Trump administration sued over major shift in asylum policy

Associated Press
In this Feb. 9, 2017, file photo, a man walks up the steps of the 9th U.S. Circuit Court of Appeals building in San Francisco.

San Francisco – The Trump administration’s policy of returning asylum seekers to Mexico while their cases wind through immigration courts illegally puts the migrants in danger and deprives them of the ability to prepare their cases, a lawsuit filed Thursday by civil liberties groups claims.

The suit in U.S. District Court seeks a court order blocking the Department of Homeland Security from carrying out the policy that took effect in January at the San Ysidro border crossing in San Diego.

The launch followed months of delicate talks between the U.S. and Mexico and marked a change to the U.S. asylum system that the administration and asylum experts said was unprecedented.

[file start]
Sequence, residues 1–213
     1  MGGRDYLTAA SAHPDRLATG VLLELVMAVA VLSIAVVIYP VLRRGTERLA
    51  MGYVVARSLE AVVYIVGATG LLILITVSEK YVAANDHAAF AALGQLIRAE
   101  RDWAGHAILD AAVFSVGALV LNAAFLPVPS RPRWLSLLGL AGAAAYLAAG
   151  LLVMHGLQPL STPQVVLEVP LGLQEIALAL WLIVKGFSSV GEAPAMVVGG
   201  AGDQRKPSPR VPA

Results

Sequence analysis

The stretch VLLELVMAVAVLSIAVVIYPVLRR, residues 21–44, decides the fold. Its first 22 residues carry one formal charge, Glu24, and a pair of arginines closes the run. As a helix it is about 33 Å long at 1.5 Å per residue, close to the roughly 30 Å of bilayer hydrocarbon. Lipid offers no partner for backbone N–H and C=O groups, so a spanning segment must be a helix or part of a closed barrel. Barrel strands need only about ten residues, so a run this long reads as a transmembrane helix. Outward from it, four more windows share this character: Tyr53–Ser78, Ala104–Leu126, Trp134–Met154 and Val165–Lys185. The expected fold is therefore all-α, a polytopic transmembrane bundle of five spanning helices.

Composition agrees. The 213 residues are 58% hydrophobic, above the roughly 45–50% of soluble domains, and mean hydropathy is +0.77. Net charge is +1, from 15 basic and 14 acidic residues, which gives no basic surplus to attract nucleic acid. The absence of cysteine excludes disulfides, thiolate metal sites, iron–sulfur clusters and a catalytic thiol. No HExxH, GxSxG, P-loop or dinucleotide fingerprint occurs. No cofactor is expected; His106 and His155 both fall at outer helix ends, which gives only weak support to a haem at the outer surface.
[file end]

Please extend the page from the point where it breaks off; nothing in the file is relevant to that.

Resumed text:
Mexican officials have sent mixed signals on the crucial point of whether Mexico would impose limits on accepting families.

“Under the new policy, immigration authorities are forcing asylum seekers at the southern border of the United States to return to Mexico – to regions experiencing record levels of violence – where they must remain for the duration of their asylum proceedings,” according to the lawsuit filed by the American Civil Liberties Union and other groups.

The policy violates the Immigration and Nationality Act and was implemented without required notice and comment, it says.

The Department of Homeland Security had no immediate comment on the lawsuit.

The suit was filed on behalf of 11 asylum seekers from Central America and legal groups that seek to represent asylum seekers.

It says the administration is sending people back to Mexico without adequately ensuring they won’t face persecution, torture or death.